Cutting glass tubing on the lathe (16/11/10)

The "traditional" way of cutting glass tubing is by scoring and snapping it. This technique works well for small-diameter tubing and long lengths of large-diameter tubing where you have sufficient leverage on the tube to break it. However, it's pretty useless for cutting the likes of test-tubes into short lengths, as was required for the Houskeeper seal. The other way of cutting tubing which is widely described is to make a scratch right round the tube and then heat it using a heated wire. This does work, but it requires a hefty current source to heat the wire quickly enough, and it has problems with uniform heat transfer from the wire to the glass.

A method which overcomes these problems is to make the scratch on the lathe and then use a micro torch flame to sharply heat the scratch as it's rotating. I have used this method to cut lots of 1" test-tube glass into a variety of lengths, some as short as ¼". It works with both soda-lime and borosilicate glass. I made a video showing the process, see below. The torch used is the little micro-torch I made and is using an oxy/propane mixture.

22/11/10: I later discovered a much better way of scoring the glass on the lathe. Instead of using the point of the carbide tool, I used the corner edge of the long 1/8" square carbide blank. This still made a perfect scratch around the tube, in fact probably a better scratch, and the edge of the carbide blank lasts a lot longer than the point. It's really just like a proper carbide knife which is what's properly used for this job!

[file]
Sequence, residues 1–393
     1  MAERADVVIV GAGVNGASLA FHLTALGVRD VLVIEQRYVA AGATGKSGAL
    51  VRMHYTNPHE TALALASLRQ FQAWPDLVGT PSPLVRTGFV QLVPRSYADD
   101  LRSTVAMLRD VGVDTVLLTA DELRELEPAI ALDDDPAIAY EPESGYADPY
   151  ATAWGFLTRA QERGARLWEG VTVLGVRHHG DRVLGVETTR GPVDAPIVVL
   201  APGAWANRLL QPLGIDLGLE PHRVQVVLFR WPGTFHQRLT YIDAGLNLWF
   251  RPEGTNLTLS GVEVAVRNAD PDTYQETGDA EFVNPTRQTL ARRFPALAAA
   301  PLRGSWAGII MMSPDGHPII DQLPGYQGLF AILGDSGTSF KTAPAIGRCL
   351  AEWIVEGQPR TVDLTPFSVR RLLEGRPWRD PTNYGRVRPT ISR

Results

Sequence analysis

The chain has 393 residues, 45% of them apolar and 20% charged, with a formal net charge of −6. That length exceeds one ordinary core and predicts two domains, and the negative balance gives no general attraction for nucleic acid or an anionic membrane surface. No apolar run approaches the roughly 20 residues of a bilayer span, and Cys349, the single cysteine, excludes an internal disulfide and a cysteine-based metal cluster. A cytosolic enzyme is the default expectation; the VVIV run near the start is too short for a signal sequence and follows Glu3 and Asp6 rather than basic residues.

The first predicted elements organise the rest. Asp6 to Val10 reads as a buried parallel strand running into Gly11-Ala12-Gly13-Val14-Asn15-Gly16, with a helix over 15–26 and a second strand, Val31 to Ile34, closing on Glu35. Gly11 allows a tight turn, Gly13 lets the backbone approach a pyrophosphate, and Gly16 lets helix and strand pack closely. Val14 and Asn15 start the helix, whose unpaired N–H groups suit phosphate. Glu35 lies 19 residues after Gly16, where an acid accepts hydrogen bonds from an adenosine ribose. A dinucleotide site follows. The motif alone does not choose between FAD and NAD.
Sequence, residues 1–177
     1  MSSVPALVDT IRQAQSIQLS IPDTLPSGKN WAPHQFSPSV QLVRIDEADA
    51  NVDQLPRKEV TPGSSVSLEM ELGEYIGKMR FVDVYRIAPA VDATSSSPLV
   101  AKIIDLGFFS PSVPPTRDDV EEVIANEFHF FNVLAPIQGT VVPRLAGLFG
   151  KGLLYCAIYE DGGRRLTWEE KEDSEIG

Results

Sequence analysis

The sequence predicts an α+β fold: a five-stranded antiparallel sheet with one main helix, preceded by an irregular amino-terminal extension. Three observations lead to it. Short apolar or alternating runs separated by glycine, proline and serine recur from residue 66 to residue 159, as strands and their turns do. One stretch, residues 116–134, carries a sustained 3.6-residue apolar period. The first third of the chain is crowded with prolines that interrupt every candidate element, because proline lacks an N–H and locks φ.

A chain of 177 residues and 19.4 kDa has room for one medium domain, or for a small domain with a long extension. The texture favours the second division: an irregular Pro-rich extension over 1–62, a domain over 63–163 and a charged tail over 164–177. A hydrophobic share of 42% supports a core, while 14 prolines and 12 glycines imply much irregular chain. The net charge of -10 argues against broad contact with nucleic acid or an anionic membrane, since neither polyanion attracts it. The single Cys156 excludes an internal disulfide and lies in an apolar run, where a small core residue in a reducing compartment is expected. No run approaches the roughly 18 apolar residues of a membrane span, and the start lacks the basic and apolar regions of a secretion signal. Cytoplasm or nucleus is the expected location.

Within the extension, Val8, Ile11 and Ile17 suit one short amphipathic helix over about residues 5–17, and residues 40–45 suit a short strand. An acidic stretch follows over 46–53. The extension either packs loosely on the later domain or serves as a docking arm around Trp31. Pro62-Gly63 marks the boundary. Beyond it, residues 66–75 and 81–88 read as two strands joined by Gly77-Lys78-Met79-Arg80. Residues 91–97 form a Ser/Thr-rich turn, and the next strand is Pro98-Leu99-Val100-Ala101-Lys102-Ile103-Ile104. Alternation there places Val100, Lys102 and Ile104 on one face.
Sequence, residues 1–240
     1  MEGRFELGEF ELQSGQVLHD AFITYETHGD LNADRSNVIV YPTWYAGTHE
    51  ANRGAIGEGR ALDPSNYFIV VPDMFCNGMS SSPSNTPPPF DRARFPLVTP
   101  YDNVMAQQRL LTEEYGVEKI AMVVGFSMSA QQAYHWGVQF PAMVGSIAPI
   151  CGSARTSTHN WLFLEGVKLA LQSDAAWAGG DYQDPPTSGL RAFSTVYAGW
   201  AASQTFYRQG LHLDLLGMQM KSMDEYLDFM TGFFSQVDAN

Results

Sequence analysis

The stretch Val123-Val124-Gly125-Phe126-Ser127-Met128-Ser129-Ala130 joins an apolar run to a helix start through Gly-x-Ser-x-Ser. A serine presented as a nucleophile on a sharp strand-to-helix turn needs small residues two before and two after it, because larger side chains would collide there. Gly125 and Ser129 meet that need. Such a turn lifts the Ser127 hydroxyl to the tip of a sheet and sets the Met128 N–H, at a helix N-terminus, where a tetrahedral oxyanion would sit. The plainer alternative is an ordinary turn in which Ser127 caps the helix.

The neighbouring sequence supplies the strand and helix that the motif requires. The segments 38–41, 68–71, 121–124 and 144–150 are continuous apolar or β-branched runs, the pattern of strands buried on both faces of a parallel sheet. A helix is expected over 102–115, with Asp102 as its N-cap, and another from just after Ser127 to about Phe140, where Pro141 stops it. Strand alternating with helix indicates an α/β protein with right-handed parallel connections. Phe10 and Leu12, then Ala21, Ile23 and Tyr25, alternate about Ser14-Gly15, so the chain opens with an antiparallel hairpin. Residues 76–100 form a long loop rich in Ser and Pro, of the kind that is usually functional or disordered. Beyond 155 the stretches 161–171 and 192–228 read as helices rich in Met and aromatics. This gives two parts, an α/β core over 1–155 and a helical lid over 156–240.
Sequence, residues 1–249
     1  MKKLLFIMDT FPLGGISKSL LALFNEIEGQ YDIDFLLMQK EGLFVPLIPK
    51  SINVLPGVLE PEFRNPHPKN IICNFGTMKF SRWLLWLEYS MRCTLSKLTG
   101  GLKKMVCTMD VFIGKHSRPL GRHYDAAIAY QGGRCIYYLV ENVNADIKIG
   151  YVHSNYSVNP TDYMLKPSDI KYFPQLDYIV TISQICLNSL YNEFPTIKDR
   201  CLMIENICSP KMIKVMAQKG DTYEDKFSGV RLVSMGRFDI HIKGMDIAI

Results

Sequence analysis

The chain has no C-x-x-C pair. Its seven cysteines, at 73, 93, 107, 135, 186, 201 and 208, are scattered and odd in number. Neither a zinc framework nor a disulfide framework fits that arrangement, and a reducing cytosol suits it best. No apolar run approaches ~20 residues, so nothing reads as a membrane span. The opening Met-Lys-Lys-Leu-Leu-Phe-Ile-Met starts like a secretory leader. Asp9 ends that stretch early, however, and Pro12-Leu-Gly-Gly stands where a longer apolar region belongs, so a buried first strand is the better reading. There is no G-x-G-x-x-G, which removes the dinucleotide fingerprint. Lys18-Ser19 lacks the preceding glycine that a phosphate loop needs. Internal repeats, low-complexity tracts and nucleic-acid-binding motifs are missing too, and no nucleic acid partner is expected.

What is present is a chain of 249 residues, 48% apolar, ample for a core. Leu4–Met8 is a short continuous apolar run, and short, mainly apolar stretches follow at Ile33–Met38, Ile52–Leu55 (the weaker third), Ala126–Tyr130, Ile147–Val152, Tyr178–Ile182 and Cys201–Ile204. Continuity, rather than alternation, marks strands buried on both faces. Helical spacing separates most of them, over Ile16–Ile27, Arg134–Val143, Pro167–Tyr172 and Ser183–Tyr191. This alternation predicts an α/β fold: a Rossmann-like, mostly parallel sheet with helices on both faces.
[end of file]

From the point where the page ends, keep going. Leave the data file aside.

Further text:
03/05/11: I recently discovered the company Adams & Chittenden Scientific Glass, from California. They have an absolutely wonderful website at, with loads of information and photos of various glasswork. More relevant to the content on this page, they also have a great video of cutting large-diameter (over 30cm!) glass tubing using the scratch-and-heat method. Check it out here (MOV file):

16/05/11: Here is a better video showing how to use the edge of the carbide blank, as described above: